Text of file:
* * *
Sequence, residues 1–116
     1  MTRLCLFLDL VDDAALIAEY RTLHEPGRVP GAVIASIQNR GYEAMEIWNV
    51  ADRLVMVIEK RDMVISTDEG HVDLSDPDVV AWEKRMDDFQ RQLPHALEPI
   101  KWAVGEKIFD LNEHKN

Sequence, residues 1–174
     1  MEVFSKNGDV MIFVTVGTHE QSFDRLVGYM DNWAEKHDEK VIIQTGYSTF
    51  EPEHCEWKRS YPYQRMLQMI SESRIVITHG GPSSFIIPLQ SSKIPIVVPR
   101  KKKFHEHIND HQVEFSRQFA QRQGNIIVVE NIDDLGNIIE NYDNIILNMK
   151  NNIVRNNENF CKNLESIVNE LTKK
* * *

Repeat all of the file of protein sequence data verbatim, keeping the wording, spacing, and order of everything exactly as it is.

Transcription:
Sequence, residues 1–116
     1  MTRLCLFLDL VDDAALIAEY RTLHEPGRVP GAVIASIQNR GYEAMEIWNV
    51  ADRLVMVIEK RDMVISTDEG HVDLSDPDVV AWEKRMDDFQ RQLPHALEPI
   101  KWAVGEKIFD LNEHKN

Sequence, residues 1–174
     1  MEVFSKNGDV MIFVTVGTHE QSFDRLVGYM DNWAEKHDEK VIIQTGYSTF
    51  EPEHCEWKRS YPYQRMLQMI SESRIVITHG GPSSFIIPLQ SSKIPIVVPR
   101  KKKFHEHIND HQVEFSRQFA QRQGNIIVVE NIDDLGNIIE NYDNIILNMK
   151  NNIVRNNENF CKNLESIVNE LTKK